3 Important Neuroscience Milestone Discoveries Of 2020

3 Important Neuroscience Milestone Discoveries Of 2020

Neuroscientists have been on a mission to understand the brain for years. They’ve strived to learn details on its intricate structure and how it enables us to do the things we’re able to do. Advancements in technology have helped this research progress, and 2020 experienced some significant breakthroughs.

1- The genetic architecture of gray matter

The study, carried out by over 360 scientists and led by Jason Stein, Ph.D., focused on the structural properties of the cerebral cortex and how genetic differences impact individuals.

As the layer of the brain crucial in thinking, information processing, memory, and attention, researchers have focused on studying and understanding its functionality. The result was scientists knew little about its genetic structure or the underlying effects of that structural variation. Scientists now know the full DNA sequence of over 200 genomic regions and more than 300 specific genetic variations that affect and make up the structure of the cerebral cortex.

There has long been evidence that the size and thickness of the cortex are linked to psychiatric disorders, psychological, and neurological disorders, and now scientists can begin to understand exactly how genetics influence and contribute to these various disorders and diseases.

Neuroscientists hope to further build on this study to possibly find ways to detect certain neurological conditions at the earliest stages before there are physical signs of them. They also hope to determine the level of brain development each individual can attain from birth in order to slow down aging and age-related degradation in the brain and body.

2- How obesity affects brain plasticity

Led by Dr. Brenton Hordacre from UniSA and a fellow from Deakin University, this groundbreaking research provides the first physiological link between obesity and impaired brain function.

According to the study, patients suffering from obesity are less likely to find or create new neural pathways, making them less likely to learn new tasks and remember things. This is particularly important as we age and in the event of stroke or other brain injuries. Having less neuroplasticity means our brain struggles to repair itself and its ability to find new neural pathways is vital in recovery.

As the first study to link obesity and reduced brain plasticity, it emphasizes the importance to maintain a healthy body weight. Obesity is measured by calculating the ratio between an individual’s height and weight. The result is our estimated body fat. Individuals with a BMI higher than 25 but lower than 29.9 are considered overweight, and individuals over the 29.9 threshold are considered obese.

Obesity has been linked with numerous health issues such as cardiovascular diseases, diabetes, and strokes. The results of this study add to the growing body of evidence in understanding the detrimental effects of obesity on our body and brain. It also broadens our understanding of how maintaining healthy body weight, especially as we age, can help maintain healthy brain functionality and increase the likelihood of recovery from brain injuries and strokes. Strokes in particular affect 15 million people worldwide each year.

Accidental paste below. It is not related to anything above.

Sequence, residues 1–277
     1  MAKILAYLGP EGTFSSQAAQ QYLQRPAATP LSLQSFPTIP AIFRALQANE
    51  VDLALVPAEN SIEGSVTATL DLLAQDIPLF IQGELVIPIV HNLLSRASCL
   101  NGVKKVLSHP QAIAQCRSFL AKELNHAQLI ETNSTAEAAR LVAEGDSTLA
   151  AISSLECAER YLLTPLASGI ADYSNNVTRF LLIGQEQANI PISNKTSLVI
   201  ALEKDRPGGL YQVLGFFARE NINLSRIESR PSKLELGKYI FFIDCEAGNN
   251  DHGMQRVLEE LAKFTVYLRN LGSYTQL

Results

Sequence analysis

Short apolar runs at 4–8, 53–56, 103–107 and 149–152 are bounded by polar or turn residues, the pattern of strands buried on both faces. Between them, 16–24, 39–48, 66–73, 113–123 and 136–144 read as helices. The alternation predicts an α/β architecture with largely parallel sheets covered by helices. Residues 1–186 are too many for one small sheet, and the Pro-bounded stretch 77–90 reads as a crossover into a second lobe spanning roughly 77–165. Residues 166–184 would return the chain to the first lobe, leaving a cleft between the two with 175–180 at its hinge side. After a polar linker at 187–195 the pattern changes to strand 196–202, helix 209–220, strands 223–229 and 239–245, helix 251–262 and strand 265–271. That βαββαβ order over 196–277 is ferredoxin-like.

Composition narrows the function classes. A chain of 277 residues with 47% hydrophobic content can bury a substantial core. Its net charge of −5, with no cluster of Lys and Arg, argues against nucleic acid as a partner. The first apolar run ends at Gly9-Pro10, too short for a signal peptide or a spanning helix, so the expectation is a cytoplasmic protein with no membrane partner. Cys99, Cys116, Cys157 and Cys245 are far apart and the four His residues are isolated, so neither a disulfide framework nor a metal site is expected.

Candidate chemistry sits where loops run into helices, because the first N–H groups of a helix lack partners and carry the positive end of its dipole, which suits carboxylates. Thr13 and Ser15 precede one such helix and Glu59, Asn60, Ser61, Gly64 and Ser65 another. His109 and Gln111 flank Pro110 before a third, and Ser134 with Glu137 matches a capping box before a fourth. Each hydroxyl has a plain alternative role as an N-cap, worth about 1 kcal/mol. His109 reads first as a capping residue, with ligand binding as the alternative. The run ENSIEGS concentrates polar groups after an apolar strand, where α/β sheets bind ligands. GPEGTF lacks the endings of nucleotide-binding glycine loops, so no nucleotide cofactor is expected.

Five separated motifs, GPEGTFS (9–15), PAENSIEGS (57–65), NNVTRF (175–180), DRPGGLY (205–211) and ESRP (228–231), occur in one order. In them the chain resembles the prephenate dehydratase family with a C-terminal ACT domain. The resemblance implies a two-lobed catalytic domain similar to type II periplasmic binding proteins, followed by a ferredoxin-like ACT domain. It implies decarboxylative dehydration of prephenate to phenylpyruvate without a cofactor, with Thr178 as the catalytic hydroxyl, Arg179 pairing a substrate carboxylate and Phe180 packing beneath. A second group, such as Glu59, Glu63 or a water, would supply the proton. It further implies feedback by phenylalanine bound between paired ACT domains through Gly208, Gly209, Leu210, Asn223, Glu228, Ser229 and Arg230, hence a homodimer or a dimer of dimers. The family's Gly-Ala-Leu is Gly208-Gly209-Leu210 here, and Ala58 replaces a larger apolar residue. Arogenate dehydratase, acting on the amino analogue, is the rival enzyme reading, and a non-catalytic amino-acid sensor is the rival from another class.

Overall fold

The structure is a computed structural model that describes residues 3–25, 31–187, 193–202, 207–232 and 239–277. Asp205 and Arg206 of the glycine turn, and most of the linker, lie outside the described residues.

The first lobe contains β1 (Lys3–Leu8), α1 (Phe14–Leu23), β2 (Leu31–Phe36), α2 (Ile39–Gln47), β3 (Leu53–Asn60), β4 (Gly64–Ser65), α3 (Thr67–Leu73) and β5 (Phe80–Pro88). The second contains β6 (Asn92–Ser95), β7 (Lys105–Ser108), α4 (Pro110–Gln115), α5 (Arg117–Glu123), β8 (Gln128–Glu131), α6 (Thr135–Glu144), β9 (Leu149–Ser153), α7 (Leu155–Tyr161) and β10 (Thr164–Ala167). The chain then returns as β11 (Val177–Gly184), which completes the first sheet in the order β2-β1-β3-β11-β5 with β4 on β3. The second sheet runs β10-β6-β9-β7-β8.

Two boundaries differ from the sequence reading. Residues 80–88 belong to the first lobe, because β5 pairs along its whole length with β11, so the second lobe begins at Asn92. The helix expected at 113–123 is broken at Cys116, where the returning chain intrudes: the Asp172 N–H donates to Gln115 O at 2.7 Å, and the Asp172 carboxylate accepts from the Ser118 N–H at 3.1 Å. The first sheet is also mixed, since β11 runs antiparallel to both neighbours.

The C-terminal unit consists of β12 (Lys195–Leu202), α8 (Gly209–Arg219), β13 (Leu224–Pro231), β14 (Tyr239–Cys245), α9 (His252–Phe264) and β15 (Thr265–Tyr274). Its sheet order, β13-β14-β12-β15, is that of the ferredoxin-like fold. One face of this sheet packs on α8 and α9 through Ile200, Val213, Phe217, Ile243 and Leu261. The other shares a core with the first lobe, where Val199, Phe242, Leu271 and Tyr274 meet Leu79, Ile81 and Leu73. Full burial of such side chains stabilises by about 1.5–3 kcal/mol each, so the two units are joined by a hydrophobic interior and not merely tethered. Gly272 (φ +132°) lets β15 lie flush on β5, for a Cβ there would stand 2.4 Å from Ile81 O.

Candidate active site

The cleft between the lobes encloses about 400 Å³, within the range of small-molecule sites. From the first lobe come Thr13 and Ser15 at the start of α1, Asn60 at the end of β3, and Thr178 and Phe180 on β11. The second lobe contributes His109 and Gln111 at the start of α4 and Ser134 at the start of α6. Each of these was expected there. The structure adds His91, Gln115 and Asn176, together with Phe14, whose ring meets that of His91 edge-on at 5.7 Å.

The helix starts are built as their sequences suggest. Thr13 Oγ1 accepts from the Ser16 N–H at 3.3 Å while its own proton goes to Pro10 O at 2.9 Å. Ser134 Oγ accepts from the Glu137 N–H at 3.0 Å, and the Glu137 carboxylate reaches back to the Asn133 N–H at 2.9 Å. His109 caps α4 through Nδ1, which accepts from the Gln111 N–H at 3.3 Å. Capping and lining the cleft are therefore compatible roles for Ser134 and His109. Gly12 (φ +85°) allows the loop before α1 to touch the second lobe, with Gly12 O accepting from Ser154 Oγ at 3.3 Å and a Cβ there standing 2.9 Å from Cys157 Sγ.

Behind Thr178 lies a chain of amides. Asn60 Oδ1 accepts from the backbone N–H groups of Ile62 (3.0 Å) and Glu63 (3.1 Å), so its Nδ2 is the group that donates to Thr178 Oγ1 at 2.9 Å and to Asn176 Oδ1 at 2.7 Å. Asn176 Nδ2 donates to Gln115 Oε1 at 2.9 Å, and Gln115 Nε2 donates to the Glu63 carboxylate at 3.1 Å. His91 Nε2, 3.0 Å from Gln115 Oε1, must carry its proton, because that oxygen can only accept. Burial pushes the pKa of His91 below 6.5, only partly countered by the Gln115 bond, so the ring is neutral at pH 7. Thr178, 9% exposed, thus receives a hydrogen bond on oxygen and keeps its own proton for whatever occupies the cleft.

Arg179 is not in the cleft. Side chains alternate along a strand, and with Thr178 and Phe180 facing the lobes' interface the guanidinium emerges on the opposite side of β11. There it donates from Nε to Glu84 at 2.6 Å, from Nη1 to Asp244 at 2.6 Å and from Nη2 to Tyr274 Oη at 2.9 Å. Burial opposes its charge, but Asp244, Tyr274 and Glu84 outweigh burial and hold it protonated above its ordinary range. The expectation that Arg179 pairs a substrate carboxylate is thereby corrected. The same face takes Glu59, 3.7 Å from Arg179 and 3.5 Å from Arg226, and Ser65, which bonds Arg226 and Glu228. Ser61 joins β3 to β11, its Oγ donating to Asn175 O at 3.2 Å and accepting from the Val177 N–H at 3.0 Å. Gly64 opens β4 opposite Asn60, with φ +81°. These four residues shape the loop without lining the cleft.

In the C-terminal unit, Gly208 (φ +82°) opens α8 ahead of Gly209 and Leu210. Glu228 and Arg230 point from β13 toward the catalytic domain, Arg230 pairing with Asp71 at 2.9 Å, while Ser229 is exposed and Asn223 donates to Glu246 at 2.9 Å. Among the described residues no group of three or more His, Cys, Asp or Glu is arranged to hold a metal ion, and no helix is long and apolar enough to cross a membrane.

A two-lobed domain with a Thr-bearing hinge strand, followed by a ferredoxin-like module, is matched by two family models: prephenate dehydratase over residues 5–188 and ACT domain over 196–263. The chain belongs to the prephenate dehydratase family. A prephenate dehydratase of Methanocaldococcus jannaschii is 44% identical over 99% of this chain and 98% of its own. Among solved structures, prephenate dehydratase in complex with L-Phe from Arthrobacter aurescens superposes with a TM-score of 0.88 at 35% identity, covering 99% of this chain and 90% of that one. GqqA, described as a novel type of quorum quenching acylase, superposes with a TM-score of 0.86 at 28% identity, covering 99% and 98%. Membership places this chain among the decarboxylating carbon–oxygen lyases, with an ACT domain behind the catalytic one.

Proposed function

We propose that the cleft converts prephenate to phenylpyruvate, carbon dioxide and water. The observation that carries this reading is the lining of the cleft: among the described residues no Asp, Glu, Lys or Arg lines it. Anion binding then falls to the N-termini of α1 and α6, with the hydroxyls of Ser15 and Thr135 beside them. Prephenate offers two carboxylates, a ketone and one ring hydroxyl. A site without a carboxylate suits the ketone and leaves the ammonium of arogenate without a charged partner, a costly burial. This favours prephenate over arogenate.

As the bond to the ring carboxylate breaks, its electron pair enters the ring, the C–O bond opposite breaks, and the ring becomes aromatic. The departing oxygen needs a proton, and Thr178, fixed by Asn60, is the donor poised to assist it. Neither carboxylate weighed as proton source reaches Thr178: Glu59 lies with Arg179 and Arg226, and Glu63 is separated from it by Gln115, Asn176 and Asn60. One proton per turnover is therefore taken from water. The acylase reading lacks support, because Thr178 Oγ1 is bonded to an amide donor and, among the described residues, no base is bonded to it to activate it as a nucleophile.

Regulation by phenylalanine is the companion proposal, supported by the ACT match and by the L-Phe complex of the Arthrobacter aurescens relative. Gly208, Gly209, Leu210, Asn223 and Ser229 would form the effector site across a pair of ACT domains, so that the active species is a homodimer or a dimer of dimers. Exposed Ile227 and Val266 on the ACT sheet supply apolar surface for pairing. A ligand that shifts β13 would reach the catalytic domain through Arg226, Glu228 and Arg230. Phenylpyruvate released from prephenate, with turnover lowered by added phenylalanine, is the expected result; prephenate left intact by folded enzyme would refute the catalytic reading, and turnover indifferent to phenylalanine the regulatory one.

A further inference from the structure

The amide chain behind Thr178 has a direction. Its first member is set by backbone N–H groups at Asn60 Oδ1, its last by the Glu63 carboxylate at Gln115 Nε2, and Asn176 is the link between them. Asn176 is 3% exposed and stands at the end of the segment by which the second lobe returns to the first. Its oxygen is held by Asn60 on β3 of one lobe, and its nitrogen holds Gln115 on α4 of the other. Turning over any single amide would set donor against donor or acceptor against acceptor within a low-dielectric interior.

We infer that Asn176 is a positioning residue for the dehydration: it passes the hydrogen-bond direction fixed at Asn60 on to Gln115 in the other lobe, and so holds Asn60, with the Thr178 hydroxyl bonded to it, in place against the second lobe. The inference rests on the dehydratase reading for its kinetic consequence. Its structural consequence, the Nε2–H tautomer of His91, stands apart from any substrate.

3- A model of the embryonic brain

When it comes to embryonic development, little is known about how the brain forms in utero. Specifically, the development between two weeks and seven weeks was entirely unknown. In order to answer these unknowns, researchers from the University of Copenhagen’s Department of Neuroscience and the Novo Nordisk Foundation Center for Stem Cell Biology at the Faculty of Health and Medical Sciences worked in collaboration with bioengineers from Lund University in Sweden to develop a model of the embryonic brain.

To achieve this, researchers grew embryonic stem cells in a microfluidic system. This model will mimic these early brain development stages which allows researchers to study what happens to individual cells during each stage of development. Researchers hope to create a ‘developmental tree’ mapping the development of embryonic brain cells. This map will then be used as a guide to produce specific nerve cells for various stem cell therapies in the treatment of neurological diseases such as epilepsy, Parkinson’s disease, and certain types of dementia.

Researchers also hope that this embryonic model might be used to shed more light on the effect of chemicals prevalent in our surrounding environments. Substances found in cosmetics, food, household or other consumer products and medications for example. There has been no way to measure or study the effects these items may have on brain cells during these early embryonic stages up until now.


As scientific studies continue to build and technology allows us to develop new ways to research the brain, the field of neuroscience will continue to break barriers and announce new discoveries. As we continue to learn how the brain works, we can adjust our lifestyle to protect our brain health. And as new therapies and treatments are discovered, diseases and injuries that were once insurmountable, have new hope towards recovery.

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